Je Suis Paris

People spend a moment mourning the dead at the site of the attack at the Cafe Belle Equipe on rue de Charonne, prior to going
People spend a moment mourning the dead at the site of the attack at the Cafe Belle Equipe on rue de Charonne, prior to going to work early on November 16, 2015 in Paris, three days after the terrorist attacks that left over 130 dead and more than 350 injured. France prepared to fall silent at noon on November 16 to mourn victims of the Paris attacks after its warplanes pounded the Syrian stronghold of Islamic State, the jihadist group that has claimed responsibility for the slaughter. AFP PHOTO / KENZO TRIBOUILLARD (Photo credit should read KENZO TRIBOUILLARD/AFP/Getty Images)


It's been a dark few days for the world, after coordinated terrorist attacks in Paris on Friday left at least 129 people dead and more than 350 injured.


On Friday -- just one day after ISIS claimed responsibility for twin suicide bombings in Beirut that killed more than 40 people -- three teams of terrorists carried out coordinated attacks throughout Paris. The attacks started with suicide bombings outside a stadium where French President Hollande was attending a soccer game. There were also shootings at several bars and restaurants, and a shooting and suicide bombings at a concert hall where a hostage situation unfolded. These are the deadliest attacks in France since World War II.


Hollande said ISIS was responsible.  It's unclear how many attackers there were. Officials say seven attackers are dead. It's thought that at least one of them snuck into the EU through Greece along with tens of thousands of migrants and refugees ('s your Skimm on that). Now, there's a manhunt going on for an eighth suspect. He has been living in Belgium, where police think these attacks were planned.  Officials think the attackers may have communicated through PlayStation 4, which has a message feature that authorities can't monitor very easily.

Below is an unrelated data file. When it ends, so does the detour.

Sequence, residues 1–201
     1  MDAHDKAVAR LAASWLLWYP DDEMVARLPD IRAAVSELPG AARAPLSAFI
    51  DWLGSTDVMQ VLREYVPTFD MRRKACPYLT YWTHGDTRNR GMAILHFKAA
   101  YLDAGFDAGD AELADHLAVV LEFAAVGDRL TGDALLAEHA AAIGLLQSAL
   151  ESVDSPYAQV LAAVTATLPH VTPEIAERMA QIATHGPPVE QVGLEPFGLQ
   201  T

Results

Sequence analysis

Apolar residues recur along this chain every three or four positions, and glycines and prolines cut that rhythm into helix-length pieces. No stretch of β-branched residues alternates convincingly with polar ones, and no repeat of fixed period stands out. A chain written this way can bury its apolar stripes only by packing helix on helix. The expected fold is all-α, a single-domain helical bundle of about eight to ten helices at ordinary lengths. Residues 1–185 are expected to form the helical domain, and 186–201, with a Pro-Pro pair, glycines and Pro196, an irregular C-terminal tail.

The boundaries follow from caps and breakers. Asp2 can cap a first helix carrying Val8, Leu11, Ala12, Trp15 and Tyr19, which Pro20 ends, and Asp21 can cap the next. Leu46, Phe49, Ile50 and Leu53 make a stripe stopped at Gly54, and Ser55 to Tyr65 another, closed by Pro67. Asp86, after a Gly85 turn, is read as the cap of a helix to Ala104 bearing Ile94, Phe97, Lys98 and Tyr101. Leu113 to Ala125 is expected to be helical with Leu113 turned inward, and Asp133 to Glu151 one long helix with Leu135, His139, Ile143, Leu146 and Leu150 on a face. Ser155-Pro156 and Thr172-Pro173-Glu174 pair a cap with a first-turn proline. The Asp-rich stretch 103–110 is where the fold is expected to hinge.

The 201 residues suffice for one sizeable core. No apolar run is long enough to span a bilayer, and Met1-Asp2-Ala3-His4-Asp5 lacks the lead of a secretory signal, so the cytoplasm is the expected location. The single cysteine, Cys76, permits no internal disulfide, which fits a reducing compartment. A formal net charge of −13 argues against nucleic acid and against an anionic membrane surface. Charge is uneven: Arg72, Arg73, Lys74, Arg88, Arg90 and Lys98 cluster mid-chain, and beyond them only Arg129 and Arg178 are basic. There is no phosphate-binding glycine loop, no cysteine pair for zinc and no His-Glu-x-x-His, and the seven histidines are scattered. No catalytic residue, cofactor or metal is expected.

Great question. The one thing that is clear is the current strategy against ISIS and its affiliates isn't working out too well. Now, world leaders are struggling to answer tough questions like, does the US-led coalition need to revamp its strategy in defeating ISIS in the Mideast? Yesterday, France said 'oui' in a big way, by ramping up airstrikes against the group in Syria. And, how will these attacks change the EU's approach to the flood of migrants and refugees crossing its borders? Many of them are seeking to escape terror like this in the first place. Overnight, French police started conducting anti-terror raids in homes across the country. This all comes as world leaders are meeting in Turkey this week for the G20.


The one with 19 countries and the EU, where they chat about things like the economy and, it just so happens, world crises. Over the weekend, President Obama and Russian President Putin reunited and whispered sweet nothings to each other on the sidelines. They tried to talk about Syria (we Skimm'd that for you too), which not so coincidentally is where ISIS is flourishing. Both leaders have different regional interests (think: Russia likes Syrian President Assad and is trying to help him out, the US does not and is trying to help rebels get him out), but President Obama wants to try to put differences aside and work together to get rid of ISIS there.


Last week's attacks just catapulted ISIS and its affiliates into a much larger global crisis. This was the worst terrorist attack in the EU in more than a decade, and demonstrates just how sophisticated ISIS and its affiliates have become.